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Employment Tribunal Review | Essential Guide for Employers

Employment Tribunal Review | Essential Guide for Employers

Date: 29th April 2020 | By: Claire Malley | Categories: Employment Law Legislation, Employment Tribunals, HR

employment tribunal reviewThe Law Commission has recently conducted an employment tribunal review and has published its report on the tribunal structure, putting forward a series of 23 recommendations. Whilst some points are rather niche and will have limited impact on the vast amount of claims, there are some points which will have widespread impact on businesses and could result in quite a change to the tribunal system.

Employment Tribunal Review | Key Recommendations

  • 1. To make the time limit for any employment tribunal claim within six months. Currently, the majority of claims within the employment tribunal are required to be submitted within 3 months of the act / termination of employment (which can be extended through the ACAS early conciliation process). Part of the logic is that 3 months is a very strict time limit, it is perhaps the most strict limitation period across all types of litigation, which not only can it cause unfairness, but it also means that Claimants concentrate on litigation rather than seeking alternative employment in the immediate aftermath of any situation.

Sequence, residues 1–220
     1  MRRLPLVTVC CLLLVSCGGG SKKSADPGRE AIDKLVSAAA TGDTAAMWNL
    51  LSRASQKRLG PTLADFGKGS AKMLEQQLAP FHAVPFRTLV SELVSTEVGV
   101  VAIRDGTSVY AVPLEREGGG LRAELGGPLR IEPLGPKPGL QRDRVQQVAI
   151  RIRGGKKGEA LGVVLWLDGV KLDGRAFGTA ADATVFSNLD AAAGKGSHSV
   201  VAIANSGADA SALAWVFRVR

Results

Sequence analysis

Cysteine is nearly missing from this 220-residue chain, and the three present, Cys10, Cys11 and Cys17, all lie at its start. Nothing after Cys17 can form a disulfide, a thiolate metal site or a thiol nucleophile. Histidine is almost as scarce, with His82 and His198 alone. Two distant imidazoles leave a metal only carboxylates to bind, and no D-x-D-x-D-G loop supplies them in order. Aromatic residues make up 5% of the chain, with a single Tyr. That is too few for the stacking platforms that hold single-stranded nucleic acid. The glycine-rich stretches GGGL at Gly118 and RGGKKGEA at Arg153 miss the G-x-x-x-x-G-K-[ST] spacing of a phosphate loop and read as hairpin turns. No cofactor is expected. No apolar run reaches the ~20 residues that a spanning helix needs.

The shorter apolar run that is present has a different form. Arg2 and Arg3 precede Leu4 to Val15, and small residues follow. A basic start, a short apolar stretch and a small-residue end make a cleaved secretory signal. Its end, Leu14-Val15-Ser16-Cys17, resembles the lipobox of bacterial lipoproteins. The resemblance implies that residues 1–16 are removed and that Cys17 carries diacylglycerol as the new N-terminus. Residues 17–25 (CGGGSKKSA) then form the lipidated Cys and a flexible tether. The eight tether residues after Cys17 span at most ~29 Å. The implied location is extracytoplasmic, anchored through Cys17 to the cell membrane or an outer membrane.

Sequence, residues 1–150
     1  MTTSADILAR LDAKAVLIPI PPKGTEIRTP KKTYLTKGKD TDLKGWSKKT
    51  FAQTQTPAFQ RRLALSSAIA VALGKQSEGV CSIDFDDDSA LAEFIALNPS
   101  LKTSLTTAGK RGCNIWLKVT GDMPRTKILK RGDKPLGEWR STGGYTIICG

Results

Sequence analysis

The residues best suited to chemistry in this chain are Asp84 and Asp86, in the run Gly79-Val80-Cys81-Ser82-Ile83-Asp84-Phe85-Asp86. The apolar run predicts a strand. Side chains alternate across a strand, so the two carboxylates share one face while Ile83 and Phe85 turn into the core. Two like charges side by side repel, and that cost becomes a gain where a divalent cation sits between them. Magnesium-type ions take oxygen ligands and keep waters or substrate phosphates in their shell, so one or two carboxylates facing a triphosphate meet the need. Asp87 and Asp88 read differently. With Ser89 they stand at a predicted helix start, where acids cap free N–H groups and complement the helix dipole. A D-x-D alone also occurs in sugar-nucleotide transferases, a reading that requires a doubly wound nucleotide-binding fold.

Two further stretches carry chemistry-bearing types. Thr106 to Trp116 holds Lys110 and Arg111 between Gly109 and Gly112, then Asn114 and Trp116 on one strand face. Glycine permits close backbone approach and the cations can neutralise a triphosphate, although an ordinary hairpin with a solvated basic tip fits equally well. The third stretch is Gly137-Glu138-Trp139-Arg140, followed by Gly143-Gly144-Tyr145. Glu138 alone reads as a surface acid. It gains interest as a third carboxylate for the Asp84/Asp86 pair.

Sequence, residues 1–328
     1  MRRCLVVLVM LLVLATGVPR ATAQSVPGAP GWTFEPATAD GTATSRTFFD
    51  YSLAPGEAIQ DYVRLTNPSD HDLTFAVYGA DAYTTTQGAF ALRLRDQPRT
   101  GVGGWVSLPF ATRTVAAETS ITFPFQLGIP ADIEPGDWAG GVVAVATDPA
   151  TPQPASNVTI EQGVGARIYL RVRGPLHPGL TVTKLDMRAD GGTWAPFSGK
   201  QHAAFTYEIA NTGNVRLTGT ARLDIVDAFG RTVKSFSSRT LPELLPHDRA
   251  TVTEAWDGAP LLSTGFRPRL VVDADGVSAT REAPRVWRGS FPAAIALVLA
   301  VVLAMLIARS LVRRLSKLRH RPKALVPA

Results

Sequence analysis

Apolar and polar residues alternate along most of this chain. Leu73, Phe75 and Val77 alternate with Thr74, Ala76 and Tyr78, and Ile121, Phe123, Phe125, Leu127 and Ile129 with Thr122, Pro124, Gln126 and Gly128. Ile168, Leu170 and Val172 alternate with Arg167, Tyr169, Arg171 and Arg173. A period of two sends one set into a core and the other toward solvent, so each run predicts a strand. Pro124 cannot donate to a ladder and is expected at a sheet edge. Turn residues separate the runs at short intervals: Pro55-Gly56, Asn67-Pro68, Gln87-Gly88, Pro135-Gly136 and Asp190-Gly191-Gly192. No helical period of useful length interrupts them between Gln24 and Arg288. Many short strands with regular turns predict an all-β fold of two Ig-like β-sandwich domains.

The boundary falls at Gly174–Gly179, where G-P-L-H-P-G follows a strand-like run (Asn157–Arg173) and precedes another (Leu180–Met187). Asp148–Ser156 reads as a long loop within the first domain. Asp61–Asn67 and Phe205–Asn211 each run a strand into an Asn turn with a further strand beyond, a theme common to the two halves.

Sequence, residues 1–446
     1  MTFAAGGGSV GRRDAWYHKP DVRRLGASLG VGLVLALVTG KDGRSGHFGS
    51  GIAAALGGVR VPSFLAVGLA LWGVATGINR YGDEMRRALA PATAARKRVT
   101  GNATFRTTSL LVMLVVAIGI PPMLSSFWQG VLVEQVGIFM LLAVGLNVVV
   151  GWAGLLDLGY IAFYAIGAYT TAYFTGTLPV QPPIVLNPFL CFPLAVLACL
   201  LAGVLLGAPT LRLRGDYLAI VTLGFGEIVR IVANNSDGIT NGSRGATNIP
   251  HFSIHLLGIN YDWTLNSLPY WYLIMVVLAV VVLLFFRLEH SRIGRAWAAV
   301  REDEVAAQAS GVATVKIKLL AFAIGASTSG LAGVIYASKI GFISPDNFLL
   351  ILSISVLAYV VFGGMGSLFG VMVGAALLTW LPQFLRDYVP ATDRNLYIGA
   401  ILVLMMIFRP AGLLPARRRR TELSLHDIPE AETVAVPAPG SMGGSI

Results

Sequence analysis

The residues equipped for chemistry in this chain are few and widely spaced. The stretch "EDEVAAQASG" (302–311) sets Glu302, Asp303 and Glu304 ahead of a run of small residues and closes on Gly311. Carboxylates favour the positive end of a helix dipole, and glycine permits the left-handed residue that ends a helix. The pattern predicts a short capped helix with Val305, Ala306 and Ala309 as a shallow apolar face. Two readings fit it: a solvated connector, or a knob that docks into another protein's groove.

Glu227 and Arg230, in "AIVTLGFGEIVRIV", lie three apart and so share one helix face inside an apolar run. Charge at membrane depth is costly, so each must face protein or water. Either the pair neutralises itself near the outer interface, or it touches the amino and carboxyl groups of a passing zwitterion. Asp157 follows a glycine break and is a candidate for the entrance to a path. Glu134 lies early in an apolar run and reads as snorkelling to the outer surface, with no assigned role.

• 2. The test of ‘reasonably practicable’ would be removed and replaced by extensions of time being granted on a ‘just and equitable’ basis. This would relax the test for whether or not a claim will be accepted out of time, again, relaxing the strict limitation tests for employment tribunal tests.
  • 3. The tribunal’s jurisdiction to hear breach of contract claims to be extended from £25,000 to £100,000. Whilst this appears to be a significant jump in the value of claims potentially being heard in the employment tribunal, it would be getting back ‘in step’ with the county courts. The sum of £25,000 had not been increased since it was introduced in 1994. This would potentially remove different claims being brought in different jurisdictions with the same people, and allows the tribunal to be a ‘one stop shop’ for virtually all claims relating to work.
  • 4. Having the BEIS employment tribunal penalty scheme automatically triggered should the employer not pay an award by a set date. Since its introduction of the penalty scheme, there have been only a few penalties awarded and has had virtually no impact on companies paying awards to successful Claimants.

There are obviously additional issues but these are some of the proposals which may have the biggest and widest impact on the tribunal system.

The employment tribunal review and its recommendations are, it has to be noted, merely recommendations, and still require any Government to discuss the proposals in Parliament, and changes to the current system would take time before any, some, or all recommendations were acted upon.

Speak to our legally trained Employment Law Consultants today for specific employer advice about any employment tribunal queries you may have.

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